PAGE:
After being criticized by the Citizens' League for his inability to cope with a crime wave, Police Captain Haines orders his men in the Homicide Bureau to clean up all their cases, but ... See full summary »
After being criticized by the Citizens' League for his inability to cope with a crime wave, Police Captain Haines orders his men in the Homicide Bureau to clean up all their cases, but without violating the constitutional rights of any suspect. Detective Jim Logan is ordered to meet the incoming new-head of the Police Department lab and internal affairs, J.G. Bliss, and takes an instant dislike to her over her attitude toward criminal's rights. A murder case is turned over to Jim. Chuck Brown, the killer, informs his gang boss, Briggs, that their blackmailer has been killed and Briggs continues with his preparations to ship a cargo of scrap metal metal to foreign war lords to be used for munitions manufacture. Jim arrests Chuck, but if forced by Miss Bliss to release him on grounds of insufficient evidence. In an attempt to force a confession from Chuck, Jim goes to his apartment and, in a scuffle, causes him to fall through a window. The aroused Citizens' League, through its ... Written by
Les Adams <email@example.com>
Rita Hayworth as the World's Youngest and Most Beautiful Forensic Expert in a Sensational Cop Melodrama
HOMICIDE BUREAU is a nifty little police "B" melodrama from 1939 of interest mainly for the very beautiful (and very young, age 20) Rita Hayworth in the female lead as a forensics expert who replaces a police department's veteran (aged 60 and forced into mandatory retirement!). Across town, ex-felon Marc Lawrence trails a man into a pool hall and shoots him down in the presumably empty hall. The bartender happens onto the scene and (in an astonishingly incredible scene) the ex-con (gun still in his hand) is startled and darts away - the bartender then spots the murder victim's gun (he had been beaten to the draw) picks it up and chases out into the street where he spots the murderer driving away and then begins to shoot up his car but the man gets away. He is later able to identify the man but the man insists he has gone straight and is now a junk dealer and when his gang members replace the windshield with a new, broken windshield and plant a gun in the car that was not the murder weapon, he is released much to "copper" Bruce Cabot's disgust. The man is in fact in the salvage business - but is part of a ring that is selling black market scrap metal to foreign countries to make munitions. There are two more murders, close calls for several cops including the chief, and lots of action before a predictable finale in this 58-minute little pistol with a hard-line "once a crook, always a crook" mentality.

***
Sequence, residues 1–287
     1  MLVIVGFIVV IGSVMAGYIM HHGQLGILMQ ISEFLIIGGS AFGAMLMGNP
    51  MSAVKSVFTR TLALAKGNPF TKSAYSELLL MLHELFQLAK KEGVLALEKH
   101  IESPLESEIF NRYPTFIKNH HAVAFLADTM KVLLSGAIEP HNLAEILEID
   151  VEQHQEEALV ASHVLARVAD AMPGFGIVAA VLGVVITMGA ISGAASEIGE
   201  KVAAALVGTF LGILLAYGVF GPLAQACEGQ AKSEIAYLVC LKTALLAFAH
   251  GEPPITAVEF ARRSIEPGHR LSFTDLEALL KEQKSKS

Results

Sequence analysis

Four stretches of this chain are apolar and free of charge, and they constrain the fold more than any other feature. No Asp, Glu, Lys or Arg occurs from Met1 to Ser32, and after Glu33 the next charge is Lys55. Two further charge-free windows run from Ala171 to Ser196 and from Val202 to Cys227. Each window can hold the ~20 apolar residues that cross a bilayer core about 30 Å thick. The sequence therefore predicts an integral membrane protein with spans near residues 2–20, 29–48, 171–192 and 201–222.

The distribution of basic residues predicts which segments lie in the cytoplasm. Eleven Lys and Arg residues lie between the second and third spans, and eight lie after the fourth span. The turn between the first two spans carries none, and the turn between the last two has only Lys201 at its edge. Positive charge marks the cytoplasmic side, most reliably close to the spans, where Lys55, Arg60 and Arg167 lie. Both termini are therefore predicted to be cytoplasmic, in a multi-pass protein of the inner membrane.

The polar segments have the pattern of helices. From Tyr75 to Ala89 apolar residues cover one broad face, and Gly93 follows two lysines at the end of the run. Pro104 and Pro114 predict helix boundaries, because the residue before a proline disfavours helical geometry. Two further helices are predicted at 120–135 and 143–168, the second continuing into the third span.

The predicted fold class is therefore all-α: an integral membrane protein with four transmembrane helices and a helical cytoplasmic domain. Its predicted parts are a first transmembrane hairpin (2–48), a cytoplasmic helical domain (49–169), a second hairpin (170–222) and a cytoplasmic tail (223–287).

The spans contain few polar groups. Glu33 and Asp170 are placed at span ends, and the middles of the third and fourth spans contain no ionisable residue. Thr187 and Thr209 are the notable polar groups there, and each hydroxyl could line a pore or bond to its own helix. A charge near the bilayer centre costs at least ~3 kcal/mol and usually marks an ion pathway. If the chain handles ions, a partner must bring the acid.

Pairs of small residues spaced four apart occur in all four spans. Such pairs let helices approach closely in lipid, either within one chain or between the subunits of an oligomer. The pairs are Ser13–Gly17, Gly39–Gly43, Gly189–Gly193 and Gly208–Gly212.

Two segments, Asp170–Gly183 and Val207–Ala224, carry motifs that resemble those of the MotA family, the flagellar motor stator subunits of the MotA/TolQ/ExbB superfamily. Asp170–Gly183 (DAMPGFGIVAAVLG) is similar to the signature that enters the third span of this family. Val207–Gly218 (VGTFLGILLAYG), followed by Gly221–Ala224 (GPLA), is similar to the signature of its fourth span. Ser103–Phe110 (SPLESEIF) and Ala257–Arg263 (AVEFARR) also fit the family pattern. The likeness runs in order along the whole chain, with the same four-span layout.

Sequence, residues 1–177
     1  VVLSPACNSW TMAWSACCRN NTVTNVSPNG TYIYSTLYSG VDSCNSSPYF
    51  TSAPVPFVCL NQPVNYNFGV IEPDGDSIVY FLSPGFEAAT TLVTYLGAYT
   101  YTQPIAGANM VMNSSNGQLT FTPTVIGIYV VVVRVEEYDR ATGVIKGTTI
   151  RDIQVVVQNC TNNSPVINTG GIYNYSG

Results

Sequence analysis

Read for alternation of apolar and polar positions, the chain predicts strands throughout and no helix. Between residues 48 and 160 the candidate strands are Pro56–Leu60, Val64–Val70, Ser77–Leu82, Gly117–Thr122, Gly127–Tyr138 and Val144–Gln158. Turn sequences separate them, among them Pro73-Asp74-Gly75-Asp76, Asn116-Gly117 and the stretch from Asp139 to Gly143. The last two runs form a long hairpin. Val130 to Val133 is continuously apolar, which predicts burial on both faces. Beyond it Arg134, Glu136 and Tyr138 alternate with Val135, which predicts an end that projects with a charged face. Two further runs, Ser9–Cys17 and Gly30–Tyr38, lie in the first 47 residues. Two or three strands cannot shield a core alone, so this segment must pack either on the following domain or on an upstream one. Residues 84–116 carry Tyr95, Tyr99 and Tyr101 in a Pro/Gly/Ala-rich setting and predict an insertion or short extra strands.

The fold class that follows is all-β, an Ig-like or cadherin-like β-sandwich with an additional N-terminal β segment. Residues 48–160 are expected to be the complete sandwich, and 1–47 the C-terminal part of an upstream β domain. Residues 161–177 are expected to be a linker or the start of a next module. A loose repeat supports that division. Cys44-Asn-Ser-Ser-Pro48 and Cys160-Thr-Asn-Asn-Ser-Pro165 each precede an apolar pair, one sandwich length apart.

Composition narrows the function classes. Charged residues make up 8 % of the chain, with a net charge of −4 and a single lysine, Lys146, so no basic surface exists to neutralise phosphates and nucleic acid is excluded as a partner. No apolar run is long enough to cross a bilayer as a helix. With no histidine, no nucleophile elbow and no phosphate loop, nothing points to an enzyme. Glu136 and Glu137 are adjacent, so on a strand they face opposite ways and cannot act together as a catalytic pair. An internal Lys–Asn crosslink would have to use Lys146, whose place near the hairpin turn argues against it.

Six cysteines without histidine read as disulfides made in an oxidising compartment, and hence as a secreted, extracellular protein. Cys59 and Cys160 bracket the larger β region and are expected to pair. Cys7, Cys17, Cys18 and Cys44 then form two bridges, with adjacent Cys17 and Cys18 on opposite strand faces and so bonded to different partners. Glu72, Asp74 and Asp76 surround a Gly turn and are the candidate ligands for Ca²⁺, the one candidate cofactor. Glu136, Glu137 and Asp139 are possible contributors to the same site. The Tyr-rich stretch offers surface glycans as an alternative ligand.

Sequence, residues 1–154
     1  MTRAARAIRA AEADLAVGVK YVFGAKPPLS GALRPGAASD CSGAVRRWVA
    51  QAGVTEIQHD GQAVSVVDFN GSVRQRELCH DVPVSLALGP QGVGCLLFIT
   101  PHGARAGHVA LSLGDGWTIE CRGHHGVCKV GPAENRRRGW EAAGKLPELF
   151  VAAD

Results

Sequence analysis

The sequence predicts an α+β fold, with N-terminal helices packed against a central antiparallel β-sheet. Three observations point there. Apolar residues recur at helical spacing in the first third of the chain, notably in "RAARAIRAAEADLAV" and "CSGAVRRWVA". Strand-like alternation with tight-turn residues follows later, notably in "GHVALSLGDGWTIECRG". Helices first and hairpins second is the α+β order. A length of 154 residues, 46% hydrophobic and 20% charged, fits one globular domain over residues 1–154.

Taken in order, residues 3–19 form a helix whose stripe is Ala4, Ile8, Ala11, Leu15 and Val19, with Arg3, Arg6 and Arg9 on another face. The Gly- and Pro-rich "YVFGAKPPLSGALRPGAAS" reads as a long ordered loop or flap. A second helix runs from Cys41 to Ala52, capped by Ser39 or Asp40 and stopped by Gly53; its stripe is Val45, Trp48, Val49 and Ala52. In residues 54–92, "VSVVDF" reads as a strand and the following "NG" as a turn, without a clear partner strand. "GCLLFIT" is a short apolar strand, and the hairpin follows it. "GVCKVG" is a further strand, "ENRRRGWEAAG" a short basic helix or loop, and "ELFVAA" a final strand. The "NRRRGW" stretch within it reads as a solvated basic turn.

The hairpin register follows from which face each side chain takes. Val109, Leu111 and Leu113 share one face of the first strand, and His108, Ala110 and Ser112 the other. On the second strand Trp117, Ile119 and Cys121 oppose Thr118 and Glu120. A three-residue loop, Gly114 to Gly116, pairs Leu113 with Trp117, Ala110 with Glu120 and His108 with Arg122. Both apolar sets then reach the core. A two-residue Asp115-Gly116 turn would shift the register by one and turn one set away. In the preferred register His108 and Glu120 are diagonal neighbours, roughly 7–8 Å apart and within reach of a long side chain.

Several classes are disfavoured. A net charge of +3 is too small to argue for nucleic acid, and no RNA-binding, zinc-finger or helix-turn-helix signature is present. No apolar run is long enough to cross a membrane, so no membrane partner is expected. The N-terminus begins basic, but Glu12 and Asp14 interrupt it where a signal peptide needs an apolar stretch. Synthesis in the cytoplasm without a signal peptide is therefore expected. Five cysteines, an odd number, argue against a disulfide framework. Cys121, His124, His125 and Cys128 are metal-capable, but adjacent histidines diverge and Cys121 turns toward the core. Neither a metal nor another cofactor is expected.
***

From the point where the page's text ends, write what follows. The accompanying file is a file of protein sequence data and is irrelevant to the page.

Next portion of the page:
Rita is absolutely gorgeous and to her credit, does suggest a woman with the intellect to handle her position although her role is quite secondary. I've never been particularly impressed with Bruce Cabot before but he is sensational here as a cop so hard he makes many more famous film noir tough-guy movie policemen seem like milquetoast. Marc Lawrence is very good too but the movie is stolen by Norman Willis as the gang leader. Willis, looking like a tougher Ricardo Cortez and sounding like a scarier Edward G. Robinson, played a ton of henchmen in films during this era (usually in small roles) but I don't think he ever had such a major menacing role to rival his gang leader/businessman here. I'm not quite sure who Richard Fiske plays in this movie, a cop or a crook, his role is quite small despite his billing, but he later became a real-life WWII hero, dying in action in 1944. This Columbia "B" may be long forgotten but it's a remarkably successful venture into Warner Bros. mean streets territory.
2 of 2 people found this review helpful.
Was this review helpful to you?